The Commodore Years - Hardware - Datassettes
<< 128D
Quick Data >>
Sections
Museum Hold Tight! Photos
Walking Weather
Acorn Commodore Sinclair PCN
Calculating
Hardware
Contents
Calculators
Watches
Games
PET/CBM
VIC-20
Commodore 64
Commodore 64C
Commodore SX64
Commodore 16
Plus/4
Commodore 128
Commodore 128D
Datassettes
Quick Data
1541 Drive
1541 MkII
Other Drives
Printers
Monitors
Vic Expansion
64 Expansion
Controllers
PSUs
Other Items
 
 
 
 
The earliest PETs had this type of data recorder built-in but it was sold separately after the PET's keyboard was improved. This model has no data counter. The cream version followed and is labelled as model 1530. It is like the black model except for the addition of a tape counter. This made it easier to find programs on the tape.
Mine is Mine are
Serial 054050 made in Taiwan. Serial 212920 made in Taiwan ROC.
  Serial 299610 made in Taiwan ROC.
The 1530 was redesigned and this was the model bought with most VICs and 64s. The plug for connecting to the computer was improved. For the C16 and Plus/4 the datassette was renamed 1531 and given a black case. The connector was changed so that 1530s and 1531s could not be interchanged but adaptors soon appeared on the market.
Mine are Mine are
Serial 2103837 made in Taiwan ROC. Serial JA 0121329 made in Taiwan ROC.
Serial 2156009 made in Taiwan ROC. Serial JA 0248033 made in Taiwan ROC.
Serial JA05 45242 made in Taiwan ROC. Serial JA 0267014 made in Taiwan ROC.
Serial JO4 031232. Serial JA 0273527 made in Taiwan ROC.
Serial JO4 297361 made in Taiwan ROC. Serial XG 0060736 made in Taiwan.
Serial S 394393 made in Japan. Serial XG 0064704 made in Taiwan.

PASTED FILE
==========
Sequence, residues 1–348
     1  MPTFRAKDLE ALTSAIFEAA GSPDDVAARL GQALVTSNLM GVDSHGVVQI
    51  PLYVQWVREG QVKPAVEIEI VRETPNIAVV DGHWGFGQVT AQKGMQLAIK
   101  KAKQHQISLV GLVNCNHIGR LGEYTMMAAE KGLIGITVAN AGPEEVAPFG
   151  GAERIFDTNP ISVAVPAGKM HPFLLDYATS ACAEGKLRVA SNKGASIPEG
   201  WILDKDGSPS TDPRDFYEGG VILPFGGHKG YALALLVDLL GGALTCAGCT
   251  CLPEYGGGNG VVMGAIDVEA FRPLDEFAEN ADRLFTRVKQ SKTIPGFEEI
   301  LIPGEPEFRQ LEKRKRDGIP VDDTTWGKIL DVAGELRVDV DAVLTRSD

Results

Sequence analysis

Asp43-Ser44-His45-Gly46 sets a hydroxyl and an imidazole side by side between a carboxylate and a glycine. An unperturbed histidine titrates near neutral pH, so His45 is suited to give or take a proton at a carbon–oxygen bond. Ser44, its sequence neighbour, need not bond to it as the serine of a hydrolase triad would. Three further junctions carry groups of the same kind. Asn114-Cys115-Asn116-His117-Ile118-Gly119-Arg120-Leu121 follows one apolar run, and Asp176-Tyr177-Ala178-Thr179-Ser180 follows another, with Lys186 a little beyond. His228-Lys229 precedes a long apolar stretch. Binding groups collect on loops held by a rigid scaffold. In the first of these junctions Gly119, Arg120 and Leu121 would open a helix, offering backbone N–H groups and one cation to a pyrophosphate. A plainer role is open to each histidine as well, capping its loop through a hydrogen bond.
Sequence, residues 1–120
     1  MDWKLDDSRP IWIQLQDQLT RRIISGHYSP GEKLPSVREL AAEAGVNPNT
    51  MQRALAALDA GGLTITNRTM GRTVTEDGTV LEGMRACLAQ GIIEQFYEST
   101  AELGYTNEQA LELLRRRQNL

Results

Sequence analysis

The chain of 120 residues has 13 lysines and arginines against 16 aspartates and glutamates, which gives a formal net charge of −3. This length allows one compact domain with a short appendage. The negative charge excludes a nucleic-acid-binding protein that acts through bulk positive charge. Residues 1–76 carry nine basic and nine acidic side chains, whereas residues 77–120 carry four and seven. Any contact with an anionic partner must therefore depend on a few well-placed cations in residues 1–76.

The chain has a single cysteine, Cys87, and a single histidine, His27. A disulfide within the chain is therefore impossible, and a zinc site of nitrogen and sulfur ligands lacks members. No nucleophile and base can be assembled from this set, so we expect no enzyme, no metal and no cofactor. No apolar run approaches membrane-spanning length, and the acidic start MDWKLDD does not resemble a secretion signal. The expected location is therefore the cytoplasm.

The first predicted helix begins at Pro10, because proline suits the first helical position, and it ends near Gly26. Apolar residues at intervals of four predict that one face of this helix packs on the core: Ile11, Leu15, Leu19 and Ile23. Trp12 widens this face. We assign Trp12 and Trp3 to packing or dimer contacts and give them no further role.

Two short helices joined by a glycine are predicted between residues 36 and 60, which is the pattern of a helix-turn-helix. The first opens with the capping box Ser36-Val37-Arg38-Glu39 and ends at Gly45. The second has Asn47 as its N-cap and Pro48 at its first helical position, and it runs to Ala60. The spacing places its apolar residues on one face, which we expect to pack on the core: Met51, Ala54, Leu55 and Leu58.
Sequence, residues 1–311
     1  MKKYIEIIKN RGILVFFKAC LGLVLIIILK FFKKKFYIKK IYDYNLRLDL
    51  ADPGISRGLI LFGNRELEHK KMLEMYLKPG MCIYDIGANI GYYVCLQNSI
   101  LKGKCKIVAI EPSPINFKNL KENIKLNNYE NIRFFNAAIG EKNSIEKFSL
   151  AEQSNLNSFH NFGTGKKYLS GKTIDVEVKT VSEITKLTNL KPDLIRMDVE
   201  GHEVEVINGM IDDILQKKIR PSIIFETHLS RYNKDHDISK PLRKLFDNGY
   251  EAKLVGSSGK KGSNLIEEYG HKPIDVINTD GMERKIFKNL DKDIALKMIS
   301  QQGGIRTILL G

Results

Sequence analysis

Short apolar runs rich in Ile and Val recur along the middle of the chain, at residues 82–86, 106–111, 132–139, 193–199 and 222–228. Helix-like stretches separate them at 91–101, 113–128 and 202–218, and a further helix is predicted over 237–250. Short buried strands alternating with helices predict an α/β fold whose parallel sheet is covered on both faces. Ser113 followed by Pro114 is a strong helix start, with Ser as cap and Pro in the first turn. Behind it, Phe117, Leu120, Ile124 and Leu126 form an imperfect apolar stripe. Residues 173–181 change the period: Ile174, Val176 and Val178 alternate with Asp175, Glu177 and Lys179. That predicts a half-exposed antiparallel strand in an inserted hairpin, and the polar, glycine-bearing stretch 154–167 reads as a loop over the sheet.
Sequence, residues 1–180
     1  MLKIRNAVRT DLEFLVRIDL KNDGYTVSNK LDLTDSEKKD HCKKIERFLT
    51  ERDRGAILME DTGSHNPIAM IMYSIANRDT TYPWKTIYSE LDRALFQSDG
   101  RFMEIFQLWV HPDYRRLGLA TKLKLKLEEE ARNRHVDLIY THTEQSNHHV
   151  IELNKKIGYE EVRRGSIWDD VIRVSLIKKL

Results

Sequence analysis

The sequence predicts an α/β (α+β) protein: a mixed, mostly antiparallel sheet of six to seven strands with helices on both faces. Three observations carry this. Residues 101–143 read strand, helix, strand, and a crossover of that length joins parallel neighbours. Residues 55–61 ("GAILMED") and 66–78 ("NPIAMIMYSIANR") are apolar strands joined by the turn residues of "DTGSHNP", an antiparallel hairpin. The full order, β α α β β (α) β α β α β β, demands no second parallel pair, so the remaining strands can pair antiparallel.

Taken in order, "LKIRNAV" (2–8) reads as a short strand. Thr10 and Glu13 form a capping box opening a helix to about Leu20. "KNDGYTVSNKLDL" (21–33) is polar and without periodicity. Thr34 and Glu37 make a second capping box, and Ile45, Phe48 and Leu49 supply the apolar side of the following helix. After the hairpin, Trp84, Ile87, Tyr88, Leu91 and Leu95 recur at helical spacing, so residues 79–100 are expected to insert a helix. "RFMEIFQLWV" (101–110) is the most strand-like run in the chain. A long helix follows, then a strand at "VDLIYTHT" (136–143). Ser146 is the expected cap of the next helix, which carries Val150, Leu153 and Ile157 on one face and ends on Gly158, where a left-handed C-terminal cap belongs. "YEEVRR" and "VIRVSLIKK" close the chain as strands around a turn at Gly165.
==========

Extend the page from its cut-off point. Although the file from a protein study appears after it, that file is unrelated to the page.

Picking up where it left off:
Serial S 0807889 made in Singapore. Serial XG 0160599 made in Taiwan ROC.
Unlike many of its competitors, Commodore prevented ordinary cassette recorders being connected to its computers. Commodore's own tape deck, known as a datassette, had a unique connector. The idea of a dedicated cassette drive was to make loading and saving more reliable. In this, Commodore were probably successful but the result was a long, long wait for a game to load. In its defence, it has to be said that the datassette was easy to use and usually worked well. The slow speed of the tape was partly due to the software or data being checked as it was loaded or saved.
Early connector as used on top two. Connector used on later 1530s (C2Ns). 1531 connector for C16 and Plus/4.
Adaptor to allow a 1530 (C2N) to be used with a C16 or Plus/4.
Adaptor to allow a 1531 to be used with a Vic-20 or C64.
The real disadvantage of using cassettes was in the storage and retrieval of data. Any search had to be made from the start of the tape. The answer of course was to use a disk drive, but again only Commodore's own were compatible and they were expensive. Most games came on cassettes and blank tapes were readily available. The design of the datassette evolved with each new computer.The original 1530 works with the Vic, 64 and 128. The 16 and Plus/4 use the 1531.
<< 128D Top of the Page